Call for papers on pragmatic aspects of rationality, agency and decision making
Call for papers:
On pragmatic aspects of rationality, agency and decision making for a special volume of the Poznań Studies in the Philosophy of the Sciences and the Humanities
Authors – participants of Lublin-Granada seminars held in 2014 and 2015, as well as others working on rationality issues – interested in contributing to the special issue of the Poznań Studies are asked for papers dealing with some of the following issues:
(1) Rationality as a philosophical ideal, its history and the changes it has undergone in European philosophy as well as in modern science;
(2) Rationalism as a philosophical position, attitude, or perspective versus other positions such as irrationality, voluntarism, emotivism, empiricism, etc;
(3) Rationality as a distinguishing feature of human both thinking and action, in particular the of the various activities – problem solving, decision making, reasoning, evaluating etc. – where the means to be used are stated and selected to achieve the aims of that activity;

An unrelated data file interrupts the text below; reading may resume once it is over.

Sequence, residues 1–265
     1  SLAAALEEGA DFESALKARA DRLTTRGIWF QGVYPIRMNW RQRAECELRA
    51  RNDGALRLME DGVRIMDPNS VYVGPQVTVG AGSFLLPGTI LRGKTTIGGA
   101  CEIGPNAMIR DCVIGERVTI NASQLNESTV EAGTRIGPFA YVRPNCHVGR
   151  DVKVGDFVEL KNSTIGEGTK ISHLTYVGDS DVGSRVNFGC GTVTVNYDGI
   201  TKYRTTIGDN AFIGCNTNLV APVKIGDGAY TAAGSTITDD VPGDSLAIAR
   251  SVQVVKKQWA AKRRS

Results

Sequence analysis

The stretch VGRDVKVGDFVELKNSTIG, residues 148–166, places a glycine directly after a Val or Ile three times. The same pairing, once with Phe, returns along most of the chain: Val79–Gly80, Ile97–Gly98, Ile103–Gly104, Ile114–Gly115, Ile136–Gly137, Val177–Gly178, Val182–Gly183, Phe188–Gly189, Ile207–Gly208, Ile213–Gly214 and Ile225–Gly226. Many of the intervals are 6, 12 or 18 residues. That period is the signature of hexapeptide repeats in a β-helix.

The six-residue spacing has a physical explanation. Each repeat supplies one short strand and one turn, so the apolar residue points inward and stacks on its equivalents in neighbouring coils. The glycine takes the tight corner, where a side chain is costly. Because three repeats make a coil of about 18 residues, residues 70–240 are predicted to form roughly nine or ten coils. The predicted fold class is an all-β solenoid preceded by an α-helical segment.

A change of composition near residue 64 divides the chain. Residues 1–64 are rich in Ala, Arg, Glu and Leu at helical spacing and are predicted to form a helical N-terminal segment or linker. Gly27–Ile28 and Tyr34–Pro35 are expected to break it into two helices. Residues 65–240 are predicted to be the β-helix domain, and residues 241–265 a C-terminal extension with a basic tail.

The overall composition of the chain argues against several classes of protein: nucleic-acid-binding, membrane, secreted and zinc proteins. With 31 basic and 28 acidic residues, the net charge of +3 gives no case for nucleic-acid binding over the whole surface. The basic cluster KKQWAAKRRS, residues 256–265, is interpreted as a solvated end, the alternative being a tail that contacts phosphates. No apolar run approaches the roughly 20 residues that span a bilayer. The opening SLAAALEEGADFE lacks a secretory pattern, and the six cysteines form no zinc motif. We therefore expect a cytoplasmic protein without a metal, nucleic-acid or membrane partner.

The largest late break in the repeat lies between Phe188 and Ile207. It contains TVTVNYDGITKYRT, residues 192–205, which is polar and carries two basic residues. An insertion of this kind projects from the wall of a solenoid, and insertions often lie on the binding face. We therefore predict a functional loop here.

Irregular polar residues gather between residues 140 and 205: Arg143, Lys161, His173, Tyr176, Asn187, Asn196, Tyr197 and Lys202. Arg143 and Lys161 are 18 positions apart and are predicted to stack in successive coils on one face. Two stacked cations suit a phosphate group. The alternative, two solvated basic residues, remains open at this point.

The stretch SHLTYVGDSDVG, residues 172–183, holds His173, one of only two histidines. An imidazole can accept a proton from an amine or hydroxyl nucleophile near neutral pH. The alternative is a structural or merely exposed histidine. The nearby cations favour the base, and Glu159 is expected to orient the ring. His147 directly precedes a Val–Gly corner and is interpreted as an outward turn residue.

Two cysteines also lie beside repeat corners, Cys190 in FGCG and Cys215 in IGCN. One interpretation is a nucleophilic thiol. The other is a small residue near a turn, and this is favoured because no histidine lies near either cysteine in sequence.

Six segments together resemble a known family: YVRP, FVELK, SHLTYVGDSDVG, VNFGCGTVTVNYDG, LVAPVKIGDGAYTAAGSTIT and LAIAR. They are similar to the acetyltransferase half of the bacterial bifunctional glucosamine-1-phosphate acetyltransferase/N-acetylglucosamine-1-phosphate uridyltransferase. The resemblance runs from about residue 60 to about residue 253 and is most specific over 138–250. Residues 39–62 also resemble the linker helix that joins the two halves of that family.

(4) General models of what human rationality is or ought to be, in particular models of classical, instrumental, utilitarian, or bounded rationality, as well as the methods used for its description, measurement, estimation and evaluation.
Most philosophical, psychological or scientific theories of rationality distinguish between descriptive and normative aspects of rationality. It would be desirable, therefore, for the authors to address this crucial distinction by pointing out what aspect they are taking into account and how they are dealing with the relevant issues.
Agency of rational and irrational human action and thought is worth considering in more detail. The epistemic aspect of rationality – in particular, the types of knowledge, its limits as well as dealing with insufficient information – can also be considered while analyzing rationality, as can the connection between the agency of individual and collective undertakings. Examples of evolutionary and socio-technologically-oriented studies of bounded and situated (dispersed) rationality provide relevant challenges.
Apart from theoretical and general analyses or historical studies of rationality, empirically oriented case studies are also welcome – not only philosophical analyses but also scientific studies would enrich the planned volume.
The authors are asked to prepare their papers by the end of February 2016 according to the guidelines provided: